Each case is considered on its own merits and each case will therefore be dealt with differently depending on its particular circumstances and the individual offender. It is evident from the recent sentence imposed on Mr Tevez that a carefully prepared case with a specialist motoring lawyer can result in custody being avoided. Despite the penalty imposed in that particular case, it was noted within sentencing that the offence is regarded as very serious and one which should not be repeated!
In answer to the above titled question of “Is driving whilst disqualified really worth it?” the answer is a clear definite no!
Posted on 26/03/2013
On 20 February 2013 I successfully persuaded Warwickshire Magistrates to reopen the case of a motorist who had been sentenced in 2012 to 6 penalty points and £650 fine and costs for speeding on the M42 motorway between Junctions 7 and 9.
Police decided to scrap all pending prosecutions for speeding on the M42 when it was revealed that Advanced Motorway Indicators (AMIs) introduced there between 2006 and 2009 were not traffic signs as prescribed by law because the font used to display variable speed limits on the electronic signs contravened the guidelines set out by the Department of Transport. Warwickshire and West Midlands Police also turned a blind eye to drivers caught between November 8, 2012, when the issue came to light, and November 27, when the Secretary of State issued an ‘authorisation’ which allowed a rule change to ensure the signs were legal.
Our client contacted me after I uncovered the issue last year through a Freedom of Information request. I argued that he should be dealt with the same as motorists who had pleaded not guilty from the outset, who had had their cases discontinued. Although he had originally pleaded guilty, the court agreed to reopen the conviction and the prosecutor agreed that it was not in the Public Interest to pursue the case to trial and his case was dismissed.
The next two motorists who have instructed me will have the applications to reopen their cases heard at Warwickshire Magistrate’s Court on 10 April 2013.
If you are a motorist who has been convicted in these circumstances on the M42, M40, M6, M1, M20 or M25 then get in touch with the Just Motor Law team to see how we can help you.
Posted on 14/03/2013
Thousands of drivers could have their motorway speeding convictions overturned - because speed limit signs used the wrong font.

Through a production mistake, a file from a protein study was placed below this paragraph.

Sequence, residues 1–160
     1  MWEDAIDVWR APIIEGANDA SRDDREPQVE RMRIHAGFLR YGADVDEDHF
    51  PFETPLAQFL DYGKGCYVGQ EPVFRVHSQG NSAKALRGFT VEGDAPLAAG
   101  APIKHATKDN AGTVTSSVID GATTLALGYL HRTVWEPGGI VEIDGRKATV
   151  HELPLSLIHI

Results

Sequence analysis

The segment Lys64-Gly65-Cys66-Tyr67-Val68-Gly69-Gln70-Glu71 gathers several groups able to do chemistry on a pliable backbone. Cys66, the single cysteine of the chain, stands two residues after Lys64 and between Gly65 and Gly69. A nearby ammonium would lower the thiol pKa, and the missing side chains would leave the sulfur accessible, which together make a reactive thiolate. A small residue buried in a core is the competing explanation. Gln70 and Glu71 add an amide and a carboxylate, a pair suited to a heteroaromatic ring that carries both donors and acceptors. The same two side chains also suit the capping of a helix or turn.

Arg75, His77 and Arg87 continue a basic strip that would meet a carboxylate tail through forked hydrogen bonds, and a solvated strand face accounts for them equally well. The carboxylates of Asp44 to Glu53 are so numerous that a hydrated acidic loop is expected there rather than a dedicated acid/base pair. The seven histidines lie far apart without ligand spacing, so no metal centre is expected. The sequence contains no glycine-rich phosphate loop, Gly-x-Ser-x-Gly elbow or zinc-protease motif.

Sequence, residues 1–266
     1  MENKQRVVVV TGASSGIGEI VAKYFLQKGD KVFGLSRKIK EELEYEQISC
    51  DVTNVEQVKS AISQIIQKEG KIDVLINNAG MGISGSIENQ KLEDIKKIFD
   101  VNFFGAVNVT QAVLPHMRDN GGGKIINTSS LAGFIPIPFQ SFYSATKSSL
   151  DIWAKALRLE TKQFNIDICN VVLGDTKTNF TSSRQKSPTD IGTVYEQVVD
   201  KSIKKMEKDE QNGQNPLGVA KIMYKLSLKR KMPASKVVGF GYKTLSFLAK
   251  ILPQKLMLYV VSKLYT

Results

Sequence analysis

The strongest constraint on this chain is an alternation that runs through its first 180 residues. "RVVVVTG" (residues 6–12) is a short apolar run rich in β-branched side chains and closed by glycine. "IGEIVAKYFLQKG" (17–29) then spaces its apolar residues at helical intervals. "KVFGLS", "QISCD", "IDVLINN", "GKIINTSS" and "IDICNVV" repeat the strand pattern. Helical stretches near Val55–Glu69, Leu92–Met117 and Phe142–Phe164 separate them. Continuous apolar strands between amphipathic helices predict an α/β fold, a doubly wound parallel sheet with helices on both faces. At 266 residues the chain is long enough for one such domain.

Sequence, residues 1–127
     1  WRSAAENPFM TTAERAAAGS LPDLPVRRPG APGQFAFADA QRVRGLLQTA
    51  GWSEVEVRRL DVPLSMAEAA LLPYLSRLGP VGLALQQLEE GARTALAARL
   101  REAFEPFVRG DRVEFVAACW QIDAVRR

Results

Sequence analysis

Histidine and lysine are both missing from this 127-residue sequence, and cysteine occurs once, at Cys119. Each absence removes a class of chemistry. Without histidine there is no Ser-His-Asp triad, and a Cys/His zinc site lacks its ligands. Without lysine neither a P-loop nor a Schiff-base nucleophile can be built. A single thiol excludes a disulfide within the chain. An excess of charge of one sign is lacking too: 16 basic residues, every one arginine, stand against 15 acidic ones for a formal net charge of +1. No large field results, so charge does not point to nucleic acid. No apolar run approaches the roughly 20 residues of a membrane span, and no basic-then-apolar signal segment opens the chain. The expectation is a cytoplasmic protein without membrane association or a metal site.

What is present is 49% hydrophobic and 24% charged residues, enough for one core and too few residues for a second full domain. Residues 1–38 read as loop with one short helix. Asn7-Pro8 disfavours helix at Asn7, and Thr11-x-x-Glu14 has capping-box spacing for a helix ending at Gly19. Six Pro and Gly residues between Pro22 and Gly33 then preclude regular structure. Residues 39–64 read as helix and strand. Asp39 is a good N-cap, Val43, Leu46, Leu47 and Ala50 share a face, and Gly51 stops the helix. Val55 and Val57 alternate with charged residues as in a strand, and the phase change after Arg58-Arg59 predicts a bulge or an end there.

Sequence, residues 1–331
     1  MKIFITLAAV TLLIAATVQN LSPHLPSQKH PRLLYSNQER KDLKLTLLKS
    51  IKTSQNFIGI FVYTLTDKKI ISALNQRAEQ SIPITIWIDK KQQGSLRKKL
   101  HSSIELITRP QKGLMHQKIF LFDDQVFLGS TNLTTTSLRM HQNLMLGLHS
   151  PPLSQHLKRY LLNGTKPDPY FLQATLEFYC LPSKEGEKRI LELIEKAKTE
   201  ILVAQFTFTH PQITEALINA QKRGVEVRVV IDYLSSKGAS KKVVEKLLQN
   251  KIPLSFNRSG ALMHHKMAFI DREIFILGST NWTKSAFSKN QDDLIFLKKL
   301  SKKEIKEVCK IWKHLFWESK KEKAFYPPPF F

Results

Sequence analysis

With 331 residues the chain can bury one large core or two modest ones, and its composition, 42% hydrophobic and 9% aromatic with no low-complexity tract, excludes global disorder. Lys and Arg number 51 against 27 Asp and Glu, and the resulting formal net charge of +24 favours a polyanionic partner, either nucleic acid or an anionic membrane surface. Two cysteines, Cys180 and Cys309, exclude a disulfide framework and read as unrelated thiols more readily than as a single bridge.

The numbers on the signs were too tall and too narrow to be visible to motorists, according to the Crown Prosecution Service. Some lawyers and traffic consultants are calling for penalties imposed during the six years the signs were displayed to be quashed.
They say the fines are not legally enforceable while The Highways Agency, responsible for the signs, said it believed there was no problem with the numbers. The signs were on the M42 between junctions 3a to seven and junctions seven to nine.
The problem was discovered by solicitor Matt Reynolds. Puzzled why prosecutions for speeding on the M42 were being dropped without explanation, he used the Freedom of Information Act. Warwickshire police then revealed that Advanced Motorway Indicators, introduced on the M42 between 2006 and 2009, were technically illegal because the font used to display variable speed limits did not match those prescribed by the Department of Transport.
It was decided to scrap all pending prosecutions, and also let off drivers caught after November 8 last year, when the issue came to light. However, thousands of motorists had racked up convictions and fines since 2006.
Richard Bentley, a traffic management consultant and former police officer, told the BBC that previous speeding fines, points and driving bans should be reconsidered: 'There should be a situation where cases are opened in the magistrates court to have the cases reheard and the convictions quashed,' he said.
'If there are no traffic signs the Act of Parliament prohibits the conviction and these are definitely not traffic signs.'
Warwickshire Police's camera enforcement unit manager Gary Hollis told the BBC: 'Motorists who have already had their cases dealt with by the courts, conditional offers of fixed penalty or speed awareness courses are advised to take independent advice regarding how this affects their individual cases.'